A. My best advice to you would be to first figure out what is best for your child. Although beauty pageants and modeling share similarities, they are quite different. If you are interested in exploring the world of modeling, research agencies in your area and find out what they require for an application. Most legitimate agencies only require snapshots.
Q. I know you said it is fine to send snapshots to an agency, but what exactly are they looking for in the pictures? Should they be close-ups, full body shots, or both? Should my child be laughing and playing or sitting quietly? Would a silly outfit help or hurt?
A. A variety of snapshots is always a good idea because that way you give the agency a chance to see different aspects of your child. The outfit and the background are not important -- it is always about the child.
Q. It's obvious we parents are all partial to our beautiful children. We too hear many of the same things from strangers and family members telling us our kids should be involved in some form of modeling and acting. What would make my children stand out over all the hundreds of other children's applications and snapshots? Is there a different look that photographers prefer and is it constantly changing or does the "look" stay the same? -- Amy G.
A. Everyone asks me about that special look that sets one child apart from another. The simple truth is that it is only the children themselves that have the power to do that. A professional can see right through the hairdos and accessories to the raw beauty of the child. Just make sure your child is well rested and well fed, with clean nails and clean hair. Your child will do the rest.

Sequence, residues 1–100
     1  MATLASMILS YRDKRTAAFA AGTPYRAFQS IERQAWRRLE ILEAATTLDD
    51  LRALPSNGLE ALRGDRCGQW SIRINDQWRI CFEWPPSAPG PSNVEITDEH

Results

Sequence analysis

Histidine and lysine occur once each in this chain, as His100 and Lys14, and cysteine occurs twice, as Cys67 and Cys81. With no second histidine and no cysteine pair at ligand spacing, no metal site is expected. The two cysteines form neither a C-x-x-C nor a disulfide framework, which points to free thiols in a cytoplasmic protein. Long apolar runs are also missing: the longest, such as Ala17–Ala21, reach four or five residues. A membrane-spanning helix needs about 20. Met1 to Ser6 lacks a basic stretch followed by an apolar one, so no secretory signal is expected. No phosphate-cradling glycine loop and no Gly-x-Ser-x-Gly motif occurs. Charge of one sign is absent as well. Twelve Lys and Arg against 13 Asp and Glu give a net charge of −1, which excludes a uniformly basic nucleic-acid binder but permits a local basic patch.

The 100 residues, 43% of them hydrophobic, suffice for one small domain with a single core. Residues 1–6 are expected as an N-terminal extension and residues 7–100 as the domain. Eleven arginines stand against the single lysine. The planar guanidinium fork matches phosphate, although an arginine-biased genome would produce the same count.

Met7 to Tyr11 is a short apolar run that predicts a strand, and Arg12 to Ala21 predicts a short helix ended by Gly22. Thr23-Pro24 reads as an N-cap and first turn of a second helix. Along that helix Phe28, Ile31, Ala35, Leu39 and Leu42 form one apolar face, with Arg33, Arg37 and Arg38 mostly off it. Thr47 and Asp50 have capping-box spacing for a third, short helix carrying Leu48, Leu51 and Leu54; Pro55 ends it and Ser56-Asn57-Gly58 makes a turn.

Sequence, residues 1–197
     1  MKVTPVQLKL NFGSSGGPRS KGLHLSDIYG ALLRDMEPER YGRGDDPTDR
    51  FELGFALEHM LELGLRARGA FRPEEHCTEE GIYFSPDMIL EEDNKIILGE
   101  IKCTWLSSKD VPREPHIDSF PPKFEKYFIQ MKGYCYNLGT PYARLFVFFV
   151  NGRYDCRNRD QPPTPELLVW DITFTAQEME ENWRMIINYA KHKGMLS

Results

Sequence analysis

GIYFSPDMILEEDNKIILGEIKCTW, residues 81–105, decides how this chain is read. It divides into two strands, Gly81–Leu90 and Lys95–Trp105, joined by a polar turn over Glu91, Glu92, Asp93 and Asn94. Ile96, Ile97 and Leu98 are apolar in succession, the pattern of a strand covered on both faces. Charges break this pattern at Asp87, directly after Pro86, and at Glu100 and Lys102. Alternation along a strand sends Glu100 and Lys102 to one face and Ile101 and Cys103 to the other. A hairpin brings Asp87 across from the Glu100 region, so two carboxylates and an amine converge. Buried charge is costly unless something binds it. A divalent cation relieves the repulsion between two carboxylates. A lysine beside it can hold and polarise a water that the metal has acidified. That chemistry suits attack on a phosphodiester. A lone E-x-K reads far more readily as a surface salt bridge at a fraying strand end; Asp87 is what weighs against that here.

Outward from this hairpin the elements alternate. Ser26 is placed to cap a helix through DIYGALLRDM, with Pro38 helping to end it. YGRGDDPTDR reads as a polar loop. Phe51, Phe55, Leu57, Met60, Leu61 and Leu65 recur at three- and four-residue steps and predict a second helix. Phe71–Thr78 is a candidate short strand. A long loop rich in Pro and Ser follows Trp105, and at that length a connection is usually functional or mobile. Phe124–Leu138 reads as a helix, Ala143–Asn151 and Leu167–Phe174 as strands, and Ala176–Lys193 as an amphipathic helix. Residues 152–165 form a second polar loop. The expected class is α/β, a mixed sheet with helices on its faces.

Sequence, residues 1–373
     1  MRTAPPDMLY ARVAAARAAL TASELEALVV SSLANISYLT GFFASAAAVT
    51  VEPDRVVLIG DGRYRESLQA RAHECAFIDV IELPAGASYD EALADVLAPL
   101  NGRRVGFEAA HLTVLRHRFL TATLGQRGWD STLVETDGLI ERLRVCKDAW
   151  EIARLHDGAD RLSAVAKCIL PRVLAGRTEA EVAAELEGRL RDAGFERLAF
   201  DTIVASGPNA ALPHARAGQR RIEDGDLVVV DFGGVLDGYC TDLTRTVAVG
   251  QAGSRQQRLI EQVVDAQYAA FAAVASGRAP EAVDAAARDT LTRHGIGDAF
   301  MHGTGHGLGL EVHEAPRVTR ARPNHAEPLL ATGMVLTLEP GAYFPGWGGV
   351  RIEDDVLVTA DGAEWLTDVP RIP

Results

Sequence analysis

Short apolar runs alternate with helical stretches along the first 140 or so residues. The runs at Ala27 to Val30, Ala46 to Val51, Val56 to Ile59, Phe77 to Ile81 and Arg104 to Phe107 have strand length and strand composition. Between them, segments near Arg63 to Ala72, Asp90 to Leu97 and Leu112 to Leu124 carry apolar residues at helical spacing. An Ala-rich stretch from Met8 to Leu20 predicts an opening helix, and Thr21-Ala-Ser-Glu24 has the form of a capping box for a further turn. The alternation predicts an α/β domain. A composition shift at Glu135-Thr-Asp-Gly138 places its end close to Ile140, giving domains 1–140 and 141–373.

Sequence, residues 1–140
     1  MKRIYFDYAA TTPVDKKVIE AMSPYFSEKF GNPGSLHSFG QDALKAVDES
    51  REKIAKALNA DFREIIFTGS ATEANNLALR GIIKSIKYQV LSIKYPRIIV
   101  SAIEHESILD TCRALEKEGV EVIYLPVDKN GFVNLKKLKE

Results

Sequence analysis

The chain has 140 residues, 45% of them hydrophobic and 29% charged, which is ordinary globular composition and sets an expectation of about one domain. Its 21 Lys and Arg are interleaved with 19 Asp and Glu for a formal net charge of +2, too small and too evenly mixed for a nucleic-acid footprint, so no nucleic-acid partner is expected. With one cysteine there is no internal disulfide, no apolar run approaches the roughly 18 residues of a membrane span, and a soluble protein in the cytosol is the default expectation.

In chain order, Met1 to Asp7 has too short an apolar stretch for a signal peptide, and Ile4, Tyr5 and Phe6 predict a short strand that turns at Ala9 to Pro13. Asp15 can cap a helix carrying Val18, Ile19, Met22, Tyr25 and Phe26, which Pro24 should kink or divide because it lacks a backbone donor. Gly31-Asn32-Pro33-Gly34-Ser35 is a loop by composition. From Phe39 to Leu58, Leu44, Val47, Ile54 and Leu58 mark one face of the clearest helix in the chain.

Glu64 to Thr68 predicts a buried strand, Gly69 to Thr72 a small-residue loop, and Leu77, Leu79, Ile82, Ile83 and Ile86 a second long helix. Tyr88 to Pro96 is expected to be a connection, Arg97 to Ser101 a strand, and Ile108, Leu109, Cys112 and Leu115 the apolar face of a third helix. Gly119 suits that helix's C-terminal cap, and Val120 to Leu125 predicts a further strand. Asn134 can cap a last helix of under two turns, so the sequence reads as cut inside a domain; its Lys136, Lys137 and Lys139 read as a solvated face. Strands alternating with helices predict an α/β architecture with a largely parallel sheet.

Q. How should I prepare for going to an agency for the first time?
A. First thing to do when preparing for your first time at an agency is to clue your child in to why they are going to the agency. Make sure they are well rested and well fed, wearing age-appropriate clothing ?- the Gap casual look is always appropriate. Relax and leave the rest to them.
The Fine Points
Q. Who or where should I contact if our child is under the age of 3 (1 year of age)? Can you refer me to a company? We are located in Connecticut, 30 minutes from Manhattan. Thanks! -- Melissa O.
A. Each agency has their own requirements in regards to the age range. Wilhelmina accepts children starting at 2 weeks. If you are interested in learning more about submitting photos of your child, go to our site at www.willykids.com and follow the instructions.
Q. My son has done some modeling, but after a little while the calls from the agency stopped. How do I keep the agency interested in my son?
A. If you have not heard from the agency lately, simply call and ask them why you have not heard from them. Clothing sizes 3T, 5, and 10 are sample size and when your child is not "in-size" they get fewer calls. Maybe his teeth haven't come in straight or you need new pictures. There are lots of possible reasons -- call and find out.
Q. What is the typically percentage an agency takes for commission?
A. A 20 percent model agency's fee is what Wilhelmina Kids charges. Some may charge more and some may charge less.
Copyright ? 2006 Parents.com.